Angina: Your Heart's First Cry For Help
Angina is a type of pain that your heart puts out telling you that there is a problem. Unlike a heart attack, angina may happen, then go away. This makes it easy to ignore or confuse the pain as something else. If you don't heed the warning, the next pain you have could be from a major heart attack. Here is what you need to know about angina and why it isn't something to ignore.
Angina Indicates a Future Heart Failure
Like any other muscle in your body, the heart needs oxygen to operate properly. It relies on special blood vessels, called coronary arteries, to provide that oxygen to the heart. The amount of oxygen the heart needs depends on how hard the heart is working. During physical exertion, your heart beats harder and needs more oxygen.
When the blood flow and the oxygen to the heart is restricted, the heart becomes oxygen starved. One cause of this can be a partial or fully blocked coronary artery. When the heart cannot get enough oxygen, it sends out a warning sign in the way of chest pain. This pain is called angina, and if you relax when this pain happens and let your heart rate go down, the pain goes away. If you're not aware of the possibility that you have a heart problem, you might write off the chest pain as heartburn or some other minor event.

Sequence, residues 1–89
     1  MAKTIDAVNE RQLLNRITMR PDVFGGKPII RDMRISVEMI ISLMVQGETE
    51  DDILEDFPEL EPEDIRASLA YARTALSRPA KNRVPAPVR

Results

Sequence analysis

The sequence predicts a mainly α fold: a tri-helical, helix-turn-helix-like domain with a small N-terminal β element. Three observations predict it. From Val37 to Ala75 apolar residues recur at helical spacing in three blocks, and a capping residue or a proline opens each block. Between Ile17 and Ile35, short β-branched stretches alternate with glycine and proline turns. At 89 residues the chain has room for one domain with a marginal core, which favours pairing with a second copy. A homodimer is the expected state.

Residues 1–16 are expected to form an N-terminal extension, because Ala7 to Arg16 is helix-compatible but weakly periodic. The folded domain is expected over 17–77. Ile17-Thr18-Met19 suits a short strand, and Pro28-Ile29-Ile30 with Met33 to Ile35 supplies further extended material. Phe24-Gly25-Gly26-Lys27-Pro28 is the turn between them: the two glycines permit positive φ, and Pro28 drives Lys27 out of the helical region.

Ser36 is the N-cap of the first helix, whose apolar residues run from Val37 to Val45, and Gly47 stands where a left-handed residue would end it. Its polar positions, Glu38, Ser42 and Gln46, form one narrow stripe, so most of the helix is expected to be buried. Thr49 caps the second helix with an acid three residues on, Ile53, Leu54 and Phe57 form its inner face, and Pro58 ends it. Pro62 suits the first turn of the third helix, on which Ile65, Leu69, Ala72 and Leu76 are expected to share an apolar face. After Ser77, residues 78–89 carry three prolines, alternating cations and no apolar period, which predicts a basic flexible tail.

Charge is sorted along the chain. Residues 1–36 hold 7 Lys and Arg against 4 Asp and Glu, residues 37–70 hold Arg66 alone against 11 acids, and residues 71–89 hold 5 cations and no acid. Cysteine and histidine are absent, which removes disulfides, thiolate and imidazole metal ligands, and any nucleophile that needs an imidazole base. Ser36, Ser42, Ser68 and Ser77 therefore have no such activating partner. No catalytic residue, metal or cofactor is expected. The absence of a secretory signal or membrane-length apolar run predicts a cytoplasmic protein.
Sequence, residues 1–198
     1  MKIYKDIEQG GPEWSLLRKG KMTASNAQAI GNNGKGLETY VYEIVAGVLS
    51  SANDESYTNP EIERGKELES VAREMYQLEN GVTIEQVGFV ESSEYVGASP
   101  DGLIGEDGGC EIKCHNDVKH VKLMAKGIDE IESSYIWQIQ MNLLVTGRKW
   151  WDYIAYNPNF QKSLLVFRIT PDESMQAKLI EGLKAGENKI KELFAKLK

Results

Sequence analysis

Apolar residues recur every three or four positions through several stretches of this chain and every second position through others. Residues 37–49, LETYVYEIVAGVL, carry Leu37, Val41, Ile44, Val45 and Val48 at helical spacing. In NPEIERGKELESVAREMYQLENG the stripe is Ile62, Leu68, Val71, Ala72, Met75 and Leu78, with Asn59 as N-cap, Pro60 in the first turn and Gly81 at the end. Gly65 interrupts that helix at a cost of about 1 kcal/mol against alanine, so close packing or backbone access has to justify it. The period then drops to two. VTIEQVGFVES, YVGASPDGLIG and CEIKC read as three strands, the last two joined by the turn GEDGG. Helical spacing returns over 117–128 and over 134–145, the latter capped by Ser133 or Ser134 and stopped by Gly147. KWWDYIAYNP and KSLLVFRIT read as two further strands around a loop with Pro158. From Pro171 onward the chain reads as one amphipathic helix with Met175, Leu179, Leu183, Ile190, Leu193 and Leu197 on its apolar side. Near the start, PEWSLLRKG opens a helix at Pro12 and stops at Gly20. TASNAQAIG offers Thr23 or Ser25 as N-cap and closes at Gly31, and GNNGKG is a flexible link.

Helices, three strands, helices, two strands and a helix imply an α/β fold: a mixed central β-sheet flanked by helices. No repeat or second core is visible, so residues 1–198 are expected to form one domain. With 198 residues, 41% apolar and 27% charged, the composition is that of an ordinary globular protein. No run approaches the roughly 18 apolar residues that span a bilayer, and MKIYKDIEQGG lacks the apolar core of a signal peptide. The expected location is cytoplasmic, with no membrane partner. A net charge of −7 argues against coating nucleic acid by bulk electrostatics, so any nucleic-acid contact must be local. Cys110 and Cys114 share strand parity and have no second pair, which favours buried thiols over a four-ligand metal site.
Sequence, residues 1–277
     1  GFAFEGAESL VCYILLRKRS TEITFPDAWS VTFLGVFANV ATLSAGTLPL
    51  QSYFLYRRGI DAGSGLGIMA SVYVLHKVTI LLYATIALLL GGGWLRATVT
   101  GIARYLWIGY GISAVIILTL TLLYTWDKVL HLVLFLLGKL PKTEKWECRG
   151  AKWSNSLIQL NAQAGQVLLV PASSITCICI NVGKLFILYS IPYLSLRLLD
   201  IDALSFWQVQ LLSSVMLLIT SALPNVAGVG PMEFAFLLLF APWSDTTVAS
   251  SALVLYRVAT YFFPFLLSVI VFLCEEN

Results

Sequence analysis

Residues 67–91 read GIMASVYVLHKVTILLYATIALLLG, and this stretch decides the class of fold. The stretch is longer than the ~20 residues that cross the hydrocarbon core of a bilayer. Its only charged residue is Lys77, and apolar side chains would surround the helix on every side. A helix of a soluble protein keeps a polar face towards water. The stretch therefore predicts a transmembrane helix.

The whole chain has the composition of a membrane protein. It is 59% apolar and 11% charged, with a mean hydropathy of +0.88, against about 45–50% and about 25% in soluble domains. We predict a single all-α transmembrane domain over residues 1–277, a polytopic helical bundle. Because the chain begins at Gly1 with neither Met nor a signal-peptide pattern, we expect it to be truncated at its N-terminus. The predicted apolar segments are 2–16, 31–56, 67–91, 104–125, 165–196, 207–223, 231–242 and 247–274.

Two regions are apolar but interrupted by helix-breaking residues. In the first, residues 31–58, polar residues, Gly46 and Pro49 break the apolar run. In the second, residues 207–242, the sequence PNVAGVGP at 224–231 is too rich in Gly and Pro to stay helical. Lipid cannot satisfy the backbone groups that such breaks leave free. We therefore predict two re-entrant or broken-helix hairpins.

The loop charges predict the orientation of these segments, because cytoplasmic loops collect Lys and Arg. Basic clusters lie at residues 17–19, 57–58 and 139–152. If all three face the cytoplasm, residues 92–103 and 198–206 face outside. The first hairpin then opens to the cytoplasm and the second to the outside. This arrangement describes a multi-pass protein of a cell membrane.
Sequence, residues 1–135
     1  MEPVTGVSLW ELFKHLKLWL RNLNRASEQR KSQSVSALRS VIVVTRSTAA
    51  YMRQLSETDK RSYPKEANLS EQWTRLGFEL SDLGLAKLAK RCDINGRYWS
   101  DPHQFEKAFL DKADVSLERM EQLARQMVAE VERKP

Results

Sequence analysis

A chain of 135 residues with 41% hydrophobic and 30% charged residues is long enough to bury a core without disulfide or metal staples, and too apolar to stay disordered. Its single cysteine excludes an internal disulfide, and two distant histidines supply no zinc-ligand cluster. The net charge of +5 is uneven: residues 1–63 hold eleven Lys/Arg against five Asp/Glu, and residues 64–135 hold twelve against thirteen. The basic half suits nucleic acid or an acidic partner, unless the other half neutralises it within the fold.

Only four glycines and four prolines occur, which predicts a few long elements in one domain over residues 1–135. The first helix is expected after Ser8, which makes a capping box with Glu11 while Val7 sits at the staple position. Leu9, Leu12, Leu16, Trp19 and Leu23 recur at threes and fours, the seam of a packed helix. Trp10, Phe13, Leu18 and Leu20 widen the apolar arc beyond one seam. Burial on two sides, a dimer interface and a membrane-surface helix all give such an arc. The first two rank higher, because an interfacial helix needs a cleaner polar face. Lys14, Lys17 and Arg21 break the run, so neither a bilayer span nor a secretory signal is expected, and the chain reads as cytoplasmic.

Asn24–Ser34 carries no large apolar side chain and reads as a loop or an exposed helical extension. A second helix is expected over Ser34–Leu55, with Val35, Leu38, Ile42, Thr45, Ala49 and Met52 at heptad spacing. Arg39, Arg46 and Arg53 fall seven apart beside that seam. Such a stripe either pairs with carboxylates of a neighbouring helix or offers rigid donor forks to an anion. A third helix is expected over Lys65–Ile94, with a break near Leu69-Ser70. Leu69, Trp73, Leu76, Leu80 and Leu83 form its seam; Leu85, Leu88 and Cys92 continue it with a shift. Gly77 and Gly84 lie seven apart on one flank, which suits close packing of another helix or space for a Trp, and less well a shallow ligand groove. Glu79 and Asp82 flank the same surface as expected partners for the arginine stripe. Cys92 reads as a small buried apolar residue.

The reality is that if you ignore this warning sign, the blockage of the coronary arteries will continue until your heart can't get enough oxygen even when in its resting state. Then you will have a major heart attack from which you may not recover.
Other Symptoms of Angina
Besides the chest pain, you may have other symptoms, such as:
- tightness or pressure in your chest
- pain centered in the chest that radiates outward into your back, neck and left arm
- pain that ebbs and flows as you relax from physical activity, but begins again as your heart rate increases
Women may experience angina differently than men. Their symptoms may include:
- sharp chest pain instead of the dull pain felt by men
- difficulty taking a deep breath
- nausea and vomiting
- pain in the abdominal area
Causes of Chest Pain
There are several reasons for a blockage in the coronary arteries, such as:
- a high cholesterol level produces fatty deposits on the lining of the blood vessels, restricting the blood flow
- a blood clot can form inside of the blood vessel due to an accident, injury or surgery
There are other ways that the blood flow is restricted to your heart, such as:
- a heart valve that malfunctions because of damage by an infection
- a disruption of the electrical current in your heart that manages the steady beating
At the first sign of angina, a visit to a heart doctor, like Temecula Valley Cardiology, will determine the exact cause of the pain. They will start you on a heart failure management program to help reduce your chances of having a major heart attack. If you ignore the warning that angina is trying to give you, your next chest pain could be fatal.